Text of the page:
So I go boldly into each day. I put on a tie, a smile, and keep my fingers crossed in my pocket.

Don't Forget to Remember!


Monday, April 4, 2011

Broken Bones

My son just had a cast put on his arm. The poor little guy busted his arm jumping on the bed. He now only has to break his arm 5 more times, break both legs, and get a whole bunch of stitches to catch his dad.

My son cried for a few minutes when his arm snapped but the cast serves a badge of courage. At 5 years old he already lives life with reckless abandon in the pursuit of fun! I am wondering if a few more broken bones might caution my son to slow down or if the need for more mementos of a life worth living will keep him moving they did his dad!

I recently heard the story of the Broad Street Bullies. The Philadelphia Flyers of the 1970's. They were the toughest guys in the league...they also won back to back Stanley cups. People don't like that. The hockey purists were of the impression that the Broad Street Bullies had tainted the game with their rough style of play and neglect of the rule book. This is a 'purist' way of blaming losses on something other than the scoreboard.

When the Zephyr Skateboarding team showed up at a skateboarding contest in Southern California right around this time they provoked a similar reaction that the Broad Street Bullies did. The kids who where technically perfect on their boards were beaten by the innovative stylings of Jay Adams and the Zephyr team. Like the fans of the NHL's original six, they did not want a new style to trump tradition. The thing about tradition is that it doesn't evolve....How can anyone defend stagnation? How could anyone miscondone progress?

Like the Broad Street Bullies, the Zepher Team won multiple trophies. Not necessarily because they broke the rules but because they had the willingness to push past convention.

I can remember planning for a meeting by proposing to try something completely different, off the wall even. We went in dressed differently than our competition, we conducted the presentation with a special energy, and we presented our solution from a non-traditional point of view. We won the deal because we were not boring or predictable and we knew our customer didn't want to do the 'safe' thing.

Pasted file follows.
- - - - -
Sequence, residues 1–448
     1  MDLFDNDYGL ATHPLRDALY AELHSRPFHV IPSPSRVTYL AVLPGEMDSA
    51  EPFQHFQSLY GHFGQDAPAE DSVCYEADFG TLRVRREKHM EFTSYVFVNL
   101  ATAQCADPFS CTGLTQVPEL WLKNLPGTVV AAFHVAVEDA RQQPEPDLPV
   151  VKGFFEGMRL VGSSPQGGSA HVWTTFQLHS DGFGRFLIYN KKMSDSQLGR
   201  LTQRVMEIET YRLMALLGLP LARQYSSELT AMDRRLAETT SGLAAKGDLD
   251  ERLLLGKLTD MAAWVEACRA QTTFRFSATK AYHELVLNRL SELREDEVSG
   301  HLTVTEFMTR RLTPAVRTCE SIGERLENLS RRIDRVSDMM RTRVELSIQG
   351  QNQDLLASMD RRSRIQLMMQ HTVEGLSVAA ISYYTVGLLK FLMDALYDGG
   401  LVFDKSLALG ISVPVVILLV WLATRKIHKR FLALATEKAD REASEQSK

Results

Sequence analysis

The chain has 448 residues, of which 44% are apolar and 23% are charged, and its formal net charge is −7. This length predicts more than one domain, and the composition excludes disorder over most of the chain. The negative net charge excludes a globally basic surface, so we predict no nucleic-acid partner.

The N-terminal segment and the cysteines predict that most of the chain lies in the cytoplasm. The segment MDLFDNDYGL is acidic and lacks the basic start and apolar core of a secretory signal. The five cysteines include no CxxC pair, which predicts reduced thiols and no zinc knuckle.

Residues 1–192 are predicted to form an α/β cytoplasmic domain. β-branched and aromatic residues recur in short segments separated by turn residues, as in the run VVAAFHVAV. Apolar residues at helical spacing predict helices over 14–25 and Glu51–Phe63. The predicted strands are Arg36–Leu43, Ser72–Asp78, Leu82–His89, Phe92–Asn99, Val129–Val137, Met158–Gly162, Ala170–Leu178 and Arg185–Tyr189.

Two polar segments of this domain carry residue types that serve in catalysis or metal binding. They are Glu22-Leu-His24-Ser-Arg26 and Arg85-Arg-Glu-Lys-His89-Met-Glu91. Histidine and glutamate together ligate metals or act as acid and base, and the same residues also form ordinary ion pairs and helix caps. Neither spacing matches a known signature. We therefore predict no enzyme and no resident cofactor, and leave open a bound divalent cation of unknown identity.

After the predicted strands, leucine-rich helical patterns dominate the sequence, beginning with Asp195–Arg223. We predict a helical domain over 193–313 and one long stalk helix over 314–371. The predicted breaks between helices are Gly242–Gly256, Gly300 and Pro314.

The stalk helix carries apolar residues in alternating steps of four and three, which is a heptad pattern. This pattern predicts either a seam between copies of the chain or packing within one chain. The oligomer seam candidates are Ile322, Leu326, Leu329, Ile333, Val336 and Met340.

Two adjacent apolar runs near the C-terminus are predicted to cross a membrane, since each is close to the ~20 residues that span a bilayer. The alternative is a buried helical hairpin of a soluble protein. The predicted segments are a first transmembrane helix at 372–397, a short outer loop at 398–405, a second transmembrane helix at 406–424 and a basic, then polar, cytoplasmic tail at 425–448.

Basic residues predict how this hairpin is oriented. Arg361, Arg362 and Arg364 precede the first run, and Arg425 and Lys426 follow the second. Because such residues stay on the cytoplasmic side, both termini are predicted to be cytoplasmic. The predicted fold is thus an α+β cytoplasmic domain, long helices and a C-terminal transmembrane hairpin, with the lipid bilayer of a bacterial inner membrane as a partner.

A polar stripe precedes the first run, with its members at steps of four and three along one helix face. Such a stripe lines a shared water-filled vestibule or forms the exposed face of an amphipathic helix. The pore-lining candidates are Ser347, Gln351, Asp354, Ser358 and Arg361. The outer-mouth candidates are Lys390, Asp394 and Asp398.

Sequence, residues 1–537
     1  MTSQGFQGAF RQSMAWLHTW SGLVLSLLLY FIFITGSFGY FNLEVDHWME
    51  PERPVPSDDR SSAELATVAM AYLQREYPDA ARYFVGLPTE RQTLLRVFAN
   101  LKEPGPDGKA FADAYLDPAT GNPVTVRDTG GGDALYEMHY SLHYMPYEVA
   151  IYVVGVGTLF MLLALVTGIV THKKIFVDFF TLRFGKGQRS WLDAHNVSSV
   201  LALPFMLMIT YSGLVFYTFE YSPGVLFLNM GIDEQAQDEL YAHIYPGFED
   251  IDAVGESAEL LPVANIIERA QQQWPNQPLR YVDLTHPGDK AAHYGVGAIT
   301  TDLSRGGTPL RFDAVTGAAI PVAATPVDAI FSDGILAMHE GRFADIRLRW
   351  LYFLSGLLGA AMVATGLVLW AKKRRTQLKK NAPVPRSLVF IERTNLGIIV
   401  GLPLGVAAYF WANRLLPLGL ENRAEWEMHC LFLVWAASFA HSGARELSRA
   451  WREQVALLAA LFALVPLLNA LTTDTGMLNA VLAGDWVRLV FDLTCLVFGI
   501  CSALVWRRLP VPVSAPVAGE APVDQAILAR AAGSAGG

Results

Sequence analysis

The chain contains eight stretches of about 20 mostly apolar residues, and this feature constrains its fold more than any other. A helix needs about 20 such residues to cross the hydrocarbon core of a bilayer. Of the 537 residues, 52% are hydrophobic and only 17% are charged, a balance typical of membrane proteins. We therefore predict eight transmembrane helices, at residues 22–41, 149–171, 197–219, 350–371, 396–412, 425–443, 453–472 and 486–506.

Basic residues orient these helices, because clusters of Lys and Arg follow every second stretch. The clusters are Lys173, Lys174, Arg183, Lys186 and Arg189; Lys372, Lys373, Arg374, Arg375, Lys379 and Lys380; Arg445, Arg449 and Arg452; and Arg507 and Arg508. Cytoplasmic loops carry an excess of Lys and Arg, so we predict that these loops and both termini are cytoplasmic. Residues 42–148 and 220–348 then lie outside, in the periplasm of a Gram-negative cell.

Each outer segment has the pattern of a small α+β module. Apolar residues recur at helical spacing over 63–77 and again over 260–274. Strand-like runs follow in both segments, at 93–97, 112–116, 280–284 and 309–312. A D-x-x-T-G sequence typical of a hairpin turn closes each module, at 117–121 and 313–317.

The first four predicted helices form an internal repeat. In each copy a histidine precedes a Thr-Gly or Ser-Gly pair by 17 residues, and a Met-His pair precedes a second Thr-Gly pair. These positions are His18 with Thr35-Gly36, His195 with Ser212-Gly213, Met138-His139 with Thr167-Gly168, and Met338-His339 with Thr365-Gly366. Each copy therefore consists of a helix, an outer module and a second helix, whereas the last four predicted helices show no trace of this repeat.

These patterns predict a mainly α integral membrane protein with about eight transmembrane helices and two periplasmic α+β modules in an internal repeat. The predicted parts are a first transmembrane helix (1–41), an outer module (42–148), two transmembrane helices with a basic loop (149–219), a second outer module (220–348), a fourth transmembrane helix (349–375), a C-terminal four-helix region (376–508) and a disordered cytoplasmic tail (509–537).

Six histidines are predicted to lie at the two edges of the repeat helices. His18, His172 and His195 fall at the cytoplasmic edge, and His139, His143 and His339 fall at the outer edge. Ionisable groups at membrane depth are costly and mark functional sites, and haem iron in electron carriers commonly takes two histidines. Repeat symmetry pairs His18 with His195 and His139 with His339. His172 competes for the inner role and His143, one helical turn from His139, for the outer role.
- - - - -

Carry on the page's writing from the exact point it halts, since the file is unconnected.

Why not jump higher on the bed? Why not use physical toughness to open up your offense? Why not try tricks that have not been attempted? Why not approach a presentation with the intent of differentiating yourself (instead of being like everyone else)?

The worst that can happen is a broken bone. The cast comes off in 3 weeks and your back to jumping on the bed.

Don't Forget to Remember!


Friday, April 1, 2011

4 Stories from the Final 4 - Part 4

I remember being mesmerized by Theo Epstein. This youngster was the General Manager of one of the most powerful franchises in professional sports. How could that be possible?

This years Final Four proves that the Red Sox faith in Gen Y leadership is a formula for success. Earlier this week we spotlighted Shaka Smart. Today I want to introduce you to his opponent this weekend: Mr. Brad Stevens. One would mistake Stevens for an injured player on the sideline before they would assume him the head coach. Similar to the disbelief of seeing Theo Epstein in the owners box, or Shaka Smart calling plays, the general intuition is to step back when we see a youngster running the show.

Make no mistake about it, Brad Stevens is running the show!

The Bulldogs of Butler as well as those of Gonzaga have a few things in common: Great Shooting, Disciplined Game Planning and Awesome Coaching!

With the NBA recruiting High Schoolers and the fundamentals of basketball being lost to remarkable athletic basketball has actually improved. There are few dominant players that last longer than 2 years, the team concept carries the game, and the emphasis on game planning makes geniuses out of the guys calling the plays.

Name a player on the Butler Bulldogs or the VCU Rams...? Now you know their coaches.

There was a time when players wore jerseys without their names on them. The name on the front of the shirt was what mattered. The superstars are chasing contracts and short timers are being overlooked for a better team of lifelong amateur athletes. The boys on the court on Saturday may never play for money. They love the game and their teammates and they are about to earn college degrees. The experience on the court and the mentorship of their coaches will serve their lives far better than an NBA contract!

Enjoy the Final Four!

Don't Forget to Remember!